Yes, this is my intention. I don't think I can reform how philosophy is taught at universities quickly enough to make a difference. My purpose, then, is to help "amateur philosophers, autodidacts, CS and math majors interested in doing FAI research" so that they can become better philosophical thinkers outside the university system, and avoid being mind-poisoned by a standard philosophical education.
Quickly enough? You think you can do it all??
Isn't that one of those things like "they couldn't hit an elephant at this distance" which people traditionally say right before being horribly surprised?
Provocative article. I agree that philosophers should be reading Pearl and Kahneman. I even agree that philosophers should spend more time with Pearl and Kahneman (and lots of other contemporary thinkers) than they do with Plato and Kant. But then, that pretty much describes my own graduate training in philosophy. And it describes the graduate training (at a very different school) received by many of the students in the department where I now teach. I recognize that my experience may be unusual, but I wonder if philosophy and philosophical training really are the way you think they are.
Bearing in mind that my own experiences may be quite unusual, I present some musings on the article nonetheless:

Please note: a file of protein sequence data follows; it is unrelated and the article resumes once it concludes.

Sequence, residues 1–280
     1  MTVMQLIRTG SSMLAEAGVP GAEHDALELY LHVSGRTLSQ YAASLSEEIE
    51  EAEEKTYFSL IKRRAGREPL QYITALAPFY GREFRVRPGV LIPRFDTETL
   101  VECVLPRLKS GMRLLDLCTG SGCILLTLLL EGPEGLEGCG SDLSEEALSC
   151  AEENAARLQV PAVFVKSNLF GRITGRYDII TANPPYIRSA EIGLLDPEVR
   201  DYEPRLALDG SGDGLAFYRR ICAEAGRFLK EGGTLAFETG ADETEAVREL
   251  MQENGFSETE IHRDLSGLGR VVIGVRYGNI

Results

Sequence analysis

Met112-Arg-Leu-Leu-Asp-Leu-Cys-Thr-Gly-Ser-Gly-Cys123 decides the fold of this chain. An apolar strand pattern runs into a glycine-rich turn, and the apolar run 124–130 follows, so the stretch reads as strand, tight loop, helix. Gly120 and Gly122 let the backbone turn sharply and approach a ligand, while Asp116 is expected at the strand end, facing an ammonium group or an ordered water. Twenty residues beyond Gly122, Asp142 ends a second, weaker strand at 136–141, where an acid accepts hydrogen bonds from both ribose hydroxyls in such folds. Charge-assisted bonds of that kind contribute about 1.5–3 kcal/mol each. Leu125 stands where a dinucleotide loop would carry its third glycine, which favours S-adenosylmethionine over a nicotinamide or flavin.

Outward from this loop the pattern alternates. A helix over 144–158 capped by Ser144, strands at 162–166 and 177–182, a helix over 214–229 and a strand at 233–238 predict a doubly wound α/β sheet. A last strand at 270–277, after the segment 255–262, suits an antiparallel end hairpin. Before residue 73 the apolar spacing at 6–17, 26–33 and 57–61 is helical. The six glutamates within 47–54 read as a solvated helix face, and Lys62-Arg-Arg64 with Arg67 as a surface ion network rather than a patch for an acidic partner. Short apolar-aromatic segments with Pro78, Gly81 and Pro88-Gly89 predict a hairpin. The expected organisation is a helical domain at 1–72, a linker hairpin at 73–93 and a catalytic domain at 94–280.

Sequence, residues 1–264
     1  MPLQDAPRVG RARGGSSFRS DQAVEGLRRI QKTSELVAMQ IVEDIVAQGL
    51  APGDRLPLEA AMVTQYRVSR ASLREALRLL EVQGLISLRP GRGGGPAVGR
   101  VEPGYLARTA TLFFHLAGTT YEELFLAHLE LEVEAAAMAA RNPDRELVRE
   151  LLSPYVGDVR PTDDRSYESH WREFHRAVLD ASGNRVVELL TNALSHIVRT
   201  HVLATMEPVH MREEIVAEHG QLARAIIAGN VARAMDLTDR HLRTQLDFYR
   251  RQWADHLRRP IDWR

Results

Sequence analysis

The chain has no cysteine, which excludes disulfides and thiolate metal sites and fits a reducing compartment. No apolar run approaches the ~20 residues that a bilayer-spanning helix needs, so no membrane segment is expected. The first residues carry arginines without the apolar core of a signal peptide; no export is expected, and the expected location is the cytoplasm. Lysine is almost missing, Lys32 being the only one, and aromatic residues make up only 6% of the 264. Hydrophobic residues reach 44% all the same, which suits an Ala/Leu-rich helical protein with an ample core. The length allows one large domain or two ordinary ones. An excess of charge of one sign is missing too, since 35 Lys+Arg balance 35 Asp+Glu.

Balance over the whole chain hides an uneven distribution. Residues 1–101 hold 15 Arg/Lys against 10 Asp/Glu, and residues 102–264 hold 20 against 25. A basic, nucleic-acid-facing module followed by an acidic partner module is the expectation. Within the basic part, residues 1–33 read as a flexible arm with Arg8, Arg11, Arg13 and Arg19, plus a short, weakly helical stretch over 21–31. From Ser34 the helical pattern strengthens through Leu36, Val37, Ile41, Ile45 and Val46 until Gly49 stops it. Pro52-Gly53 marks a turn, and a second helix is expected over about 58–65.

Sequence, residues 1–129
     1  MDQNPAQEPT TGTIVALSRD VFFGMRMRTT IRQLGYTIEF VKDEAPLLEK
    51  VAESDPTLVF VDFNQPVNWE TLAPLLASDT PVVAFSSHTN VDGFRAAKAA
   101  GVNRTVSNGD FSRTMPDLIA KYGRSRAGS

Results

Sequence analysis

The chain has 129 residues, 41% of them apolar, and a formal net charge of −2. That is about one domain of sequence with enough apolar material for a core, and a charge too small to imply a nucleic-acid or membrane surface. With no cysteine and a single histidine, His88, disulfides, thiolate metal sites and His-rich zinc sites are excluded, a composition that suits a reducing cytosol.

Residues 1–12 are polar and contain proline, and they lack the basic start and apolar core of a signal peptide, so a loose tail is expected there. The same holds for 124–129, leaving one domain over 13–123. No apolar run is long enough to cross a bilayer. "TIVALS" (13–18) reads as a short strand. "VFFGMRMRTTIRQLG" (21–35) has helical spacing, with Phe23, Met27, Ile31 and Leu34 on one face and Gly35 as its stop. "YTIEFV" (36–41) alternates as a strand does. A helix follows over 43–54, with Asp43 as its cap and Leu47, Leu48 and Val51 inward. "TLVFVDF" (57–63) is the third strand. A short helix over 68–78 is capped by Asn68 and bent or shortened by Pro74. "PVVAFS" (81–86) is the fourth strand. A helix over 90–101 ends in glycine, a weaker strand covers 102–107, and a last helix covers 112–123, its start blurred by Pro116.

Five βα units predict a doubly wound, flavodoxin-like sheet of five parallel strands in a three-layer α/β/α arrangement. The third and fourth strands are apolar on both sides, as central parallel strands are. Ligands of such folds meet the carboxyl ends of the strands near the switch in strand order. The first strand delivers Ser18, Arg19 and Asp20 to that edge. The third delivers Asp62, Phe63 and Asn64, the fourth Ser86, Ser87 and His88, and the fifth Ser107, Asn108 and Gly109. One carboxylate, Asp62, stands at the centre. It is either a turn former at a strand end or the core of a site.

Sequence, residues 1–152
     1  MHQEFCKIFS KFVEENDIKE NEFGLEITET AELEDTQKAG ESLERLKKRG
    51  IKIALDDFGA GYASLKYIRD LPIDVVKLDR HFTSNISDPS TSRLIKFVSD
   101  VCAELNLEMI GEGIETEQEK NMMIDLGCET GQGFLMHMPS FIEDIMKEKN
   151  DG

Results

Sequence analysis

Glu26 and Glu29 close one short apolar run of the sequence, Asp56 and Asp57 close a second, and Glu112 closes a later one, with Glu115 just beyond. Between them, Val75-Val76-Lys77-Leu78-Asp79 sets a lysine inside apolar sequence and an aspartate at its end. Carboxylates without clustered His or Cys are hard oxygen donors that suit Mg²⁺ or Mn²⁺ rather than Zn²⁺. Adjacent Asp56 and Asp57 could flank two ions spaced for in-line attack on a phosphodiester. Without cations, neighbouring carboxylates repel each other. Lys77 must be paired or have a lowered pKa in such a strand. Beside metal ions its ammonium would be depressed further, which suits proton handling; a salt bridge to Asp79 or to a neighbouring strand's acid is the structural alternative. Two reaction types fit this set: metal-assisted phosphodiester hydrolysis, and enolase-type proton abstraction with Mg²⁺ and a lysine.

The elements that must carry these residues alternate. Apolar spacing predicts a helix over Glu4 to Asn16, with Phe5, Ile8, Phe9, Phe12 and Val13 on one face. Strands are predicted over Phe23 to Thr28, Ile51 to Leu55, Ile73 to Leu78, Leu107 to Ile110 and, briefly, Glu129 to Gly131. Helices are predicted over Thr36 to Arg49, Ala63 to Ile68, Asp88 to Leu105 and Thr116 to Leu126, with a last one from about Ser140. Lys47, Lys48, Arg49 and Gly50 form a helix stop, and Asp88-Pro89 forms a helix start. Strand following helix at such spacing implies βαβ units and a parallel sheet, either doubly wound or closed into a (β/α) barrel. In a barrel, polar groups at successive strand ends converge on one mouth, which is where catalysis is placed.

(1) You seem to think that philosophical training involves a lot of Aristotelian ideas (see your entries for "pre-1980 theories of causation" and "term logic"). In my philosophical education, including as an undergraduate, I took two courses that were explicitly concerned with Aristotle. Both of them were explicitly labeled as "history of philosophy" courses. Students are sometimes taught bits of Aristotelian (and Medieval) syllogistic, but those ideas are neve... (read more)
You did indeed have an unusual philosophical training. In fact, the head of your dissertation committee was a co-author with Glymour on the work that Pearl built on with Causality.
Not really. Term logic is my only mention of Aristotle, and I know that philosophy departments focus on first-order logic and not term logic these days. Your training was not unusual in this matter. First-order logic training is good, which is why I said there should be more of it (as part of mathematical logic).
Good, but this is not the norm. Machery was also on your dissertation committee; the author of Doing Without Concepts, a book I've previously endorsed to some degree.
Of course. There are a ... (read more)
I was, in fact, aware of that. ;)
In the grand scheme of things, I may have had an odd education. However, it's not like I'm the only student that Glymour, Spirtes, Machery, and many of my other teachers have had. Basically every student who went through Pitt HPS or CMU's Philosophy Department had the same or deeper exposure to psychology, cognitive science, neuroscience, causal Bayes nets, confirmation theory, etc. Either that, or they got an enormous helping of algebraic quantum field theory, gauge theory, and other philosophy of physics stuff.